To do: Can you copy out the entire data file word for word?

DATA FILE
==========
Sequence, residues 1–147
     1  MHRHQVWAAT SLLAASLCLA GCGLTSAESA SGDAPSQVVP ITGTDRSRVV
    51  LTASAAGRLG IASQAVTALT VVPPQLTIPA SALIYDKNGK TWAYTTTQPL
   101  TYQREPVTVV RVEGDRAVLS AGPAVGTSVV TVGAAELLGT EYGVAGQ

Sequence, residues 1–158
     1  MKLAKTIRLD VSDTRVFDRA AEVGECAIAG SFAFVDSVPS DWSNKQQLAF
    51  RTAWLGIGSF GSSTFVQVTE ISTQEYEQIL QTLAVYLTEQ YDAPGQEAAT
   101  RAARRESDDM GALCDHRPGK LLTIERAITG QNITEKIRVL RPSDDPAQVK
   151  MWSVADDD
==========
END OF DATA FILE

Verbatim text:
Sequence, residues 1–147
     1  MHRHQVWAAT SLLAASLCLA GCGLTSAESA SGDAPSQVVP ITGTDRSRVV
    51  LTASAAGRLG IASQAVTALT VVPPQLTIPA SALIYDKNGK TWAYTTTQPL
   101  TYQREPVTVV RVEGDRAVLS AGPAVGTSVV TVGAAELLGT EYGVAGQ

Sequence, residues 1–158
     1  MKLAKTIRLD VSDTRVFDRA AEVGECAIAG SFAFVDSVPS DWSNKQQLAF
    51  RTAWLGIGSF GSSTFVQVTE ISTQEYEQIL QTLAVYLTEQ YDAPGQEAAT
   101  RAARRESDDM GALCDHRPGK LLTIERAITG QNITEKIRVL RPSDDPAQVK
   151  MWSVADDD